Clinical and Laboratory Investigations
Pathologic Features of Pediatric Head and Neck Melanoma
Article first published online: 29 APR 2013
© 2013 Wiley Periodicals, Inc.
Volume 30, Issue 5, pages 568–573, September/October 2013
How to Cite
Tcheung, W. J., Nelson, K., Aldabagh, B. and Puja, P. (2013), Pathologic Features of Pediatric Head and Neck Melanoma. Pediatric Dermatology, 30: 568–573. doi: 10.1111/pde.12153
- Issue published online: 10 SEP 2013
- Article first published online: 29 APR 2013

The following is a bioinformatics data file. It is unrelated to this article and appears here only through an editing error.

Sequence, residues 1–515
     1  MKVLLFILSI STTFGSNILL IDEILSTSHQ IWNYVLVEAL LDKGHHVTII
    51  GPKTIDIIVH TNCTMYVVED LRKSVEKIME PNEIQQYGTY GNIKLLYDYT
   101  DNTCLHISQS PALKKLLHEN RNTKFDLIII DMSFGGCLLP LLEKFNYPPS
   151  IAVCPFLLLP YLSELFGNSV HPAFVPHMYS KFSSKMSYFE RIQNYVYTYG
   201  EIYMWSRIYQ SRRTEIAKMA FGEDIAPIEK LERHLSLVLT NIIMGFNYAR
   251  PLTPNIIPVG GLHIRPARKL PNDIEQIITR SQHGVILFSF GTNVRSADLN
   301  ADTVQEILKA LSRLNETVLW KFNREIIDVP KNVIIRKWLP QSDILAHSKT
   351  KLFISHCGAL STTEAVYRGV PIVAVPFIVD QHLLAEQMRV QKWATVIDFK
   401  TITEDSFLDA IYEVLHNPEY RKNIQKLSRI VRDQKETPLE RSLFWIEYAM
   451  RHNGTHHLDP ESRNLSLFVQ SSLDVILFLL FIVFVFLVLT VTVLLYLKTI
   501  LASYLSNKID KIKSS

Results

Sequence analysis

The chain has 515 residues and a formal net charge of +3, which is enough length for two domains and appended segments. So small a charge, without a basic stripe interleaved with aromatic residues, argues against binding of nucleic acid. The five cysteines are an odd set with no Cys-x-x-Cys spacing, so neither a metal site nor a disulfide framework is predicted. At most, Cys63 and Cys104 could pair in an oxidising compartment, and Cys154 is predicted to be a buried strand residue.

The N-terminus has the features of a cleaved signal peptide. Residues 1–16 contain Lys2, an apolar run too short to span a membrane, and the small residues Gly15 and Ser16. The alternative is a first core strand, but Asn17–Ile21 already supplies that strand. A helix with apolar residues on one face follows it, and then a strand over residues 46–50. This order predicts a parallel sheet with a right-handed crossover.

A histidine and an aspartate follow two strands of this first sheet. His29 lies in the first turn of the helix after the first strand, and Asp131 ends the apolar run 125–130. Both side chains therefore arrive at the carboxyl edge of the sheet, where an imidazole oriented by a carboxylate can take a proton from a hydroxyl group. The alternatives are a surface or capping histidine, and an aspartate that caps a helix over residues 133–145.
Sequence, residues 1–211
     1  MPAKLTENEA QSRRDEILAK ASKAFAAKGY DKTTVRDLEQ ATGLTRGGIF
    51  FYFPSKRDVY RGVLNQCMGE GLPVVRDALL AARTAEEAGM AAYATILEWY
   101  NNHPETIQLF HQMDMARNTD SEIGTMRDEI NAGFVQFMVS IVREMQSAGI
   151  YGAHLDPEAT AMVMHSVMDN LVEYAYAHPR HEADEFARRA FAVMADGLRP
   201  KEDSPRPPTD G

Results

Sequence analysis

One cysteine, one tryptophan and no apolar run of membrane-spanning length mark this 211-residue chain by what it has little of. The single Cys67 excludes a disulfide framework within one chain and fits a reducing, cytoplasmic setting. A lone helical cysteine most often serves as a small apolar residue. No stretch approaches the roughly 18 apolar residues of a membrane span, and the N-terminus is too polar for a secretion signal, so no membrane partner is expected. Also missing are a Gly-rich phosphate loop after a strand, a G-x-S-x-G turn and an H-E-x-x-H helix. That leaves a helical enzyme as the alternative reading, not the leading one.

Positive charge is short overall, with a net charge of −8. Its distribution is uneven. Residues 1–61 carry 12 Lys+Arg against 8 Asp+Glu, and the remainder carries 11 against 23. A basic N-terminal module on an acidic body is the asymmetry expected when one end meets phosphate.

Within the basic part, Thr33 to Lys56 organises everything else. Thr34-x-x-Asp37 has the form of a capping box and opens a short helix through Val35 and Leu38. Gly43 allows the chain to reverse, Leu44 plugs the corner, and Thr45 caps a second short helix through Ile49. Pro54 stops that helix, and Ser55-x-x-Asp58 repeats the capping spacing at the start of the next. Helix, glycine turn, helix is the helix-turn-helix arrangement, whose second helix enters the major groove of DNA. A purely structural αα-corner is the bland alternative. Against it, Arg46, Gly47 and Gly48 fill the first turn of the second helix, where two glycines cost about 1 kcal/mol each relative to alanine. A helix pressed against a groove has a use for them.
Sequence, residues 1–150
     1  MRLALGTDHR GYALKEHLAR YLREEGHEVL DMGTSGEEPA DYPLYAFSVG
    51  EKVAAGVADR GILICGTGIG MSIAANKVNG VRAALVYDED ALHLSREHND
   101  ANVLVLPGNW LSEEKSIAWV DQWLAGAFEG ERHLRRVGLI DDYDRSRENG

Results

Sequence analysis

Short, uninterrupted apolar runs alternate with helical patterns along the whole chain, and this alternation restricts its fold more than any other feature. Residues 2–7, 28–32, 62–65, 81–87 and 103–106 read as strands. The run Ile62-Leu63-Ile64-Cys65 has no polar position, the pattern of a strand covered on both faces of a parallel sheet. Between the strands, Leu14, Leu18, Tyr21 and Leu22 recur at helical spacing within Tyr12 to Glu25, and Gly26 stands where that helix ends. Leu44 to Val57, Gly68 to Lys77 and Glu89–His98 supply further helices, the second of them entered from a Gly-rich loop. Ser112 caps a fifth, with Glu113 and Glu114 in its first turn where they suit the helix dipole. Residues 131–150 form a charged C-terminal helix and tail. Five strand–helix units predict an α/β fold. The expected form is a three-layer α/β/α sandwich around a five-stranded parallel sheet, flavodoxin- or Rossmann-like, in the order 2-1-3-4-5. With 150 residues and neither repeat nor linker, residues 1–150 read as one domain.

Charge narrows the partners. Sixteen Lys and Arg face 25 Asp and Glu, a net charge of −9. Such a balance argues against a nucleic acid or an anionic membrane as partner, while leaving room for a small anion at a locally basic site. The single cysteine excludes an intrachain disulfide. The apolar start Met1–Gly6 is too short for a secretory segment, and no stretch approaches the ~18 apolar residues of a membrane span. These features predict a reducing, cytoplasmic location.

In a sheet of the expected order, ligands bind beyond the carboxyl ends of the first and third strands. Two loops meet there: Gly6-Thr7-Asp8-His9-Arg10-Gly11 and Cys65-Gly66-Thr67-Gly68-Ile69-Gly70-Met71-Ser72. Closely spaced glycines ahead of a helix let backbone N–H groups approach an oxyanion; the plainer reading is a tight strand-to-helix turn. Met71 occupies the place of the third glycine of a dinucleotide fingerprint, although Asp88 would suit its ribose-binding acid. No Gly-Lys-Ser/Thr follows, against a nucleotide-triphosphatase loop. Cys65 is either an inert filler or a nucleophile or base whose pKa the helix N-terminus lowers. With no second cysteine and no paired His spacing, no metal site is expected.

Although malignant melanoma is rare in children, its incidence is steadily increasing, and it is potentially lethal. Few studies have examined head and neck melanoma in children, and even fewer have focused on the histopathologic features of melanoma within this anatomic region. To further the understanding of this entity, we examined pathology specimens from nine subjects age 18 years and younger with an original diagnosis of head or neck melanoma. The anatomic locations of these primary melanomas were the face and nose (n = 4), scalp and neck (n = 4), and ear (n = 1). The cases included seven superficial spreading melanomas, one unclassified (possible nodular) melanoma, and one melanoma in situ. No melanomas demonstrating desmoplastic or spindle cell morphologies were noted upon review. Breslow depth ranged from 0 to 2.9 mm (mean 1.3 mm, median 0.6 mm), with Clark level ranging from I to V. Pagetoid scatter was found in eight cases. Other notable features included regression (n = 5), ulceration (n = 1), and associated melanocytic nevus (n = 4). We did not observe any small cell variants; all nine cases had an epithelioid appearance. Nor was any melanoma-associated mortality observed at last follow-up (mean 60.4 mos, median 48 mos, range 2–174 mos). These histopathologic features were consistent with adult-type melanoma, which is in agreement with other histopathologic studies of melanoma in children.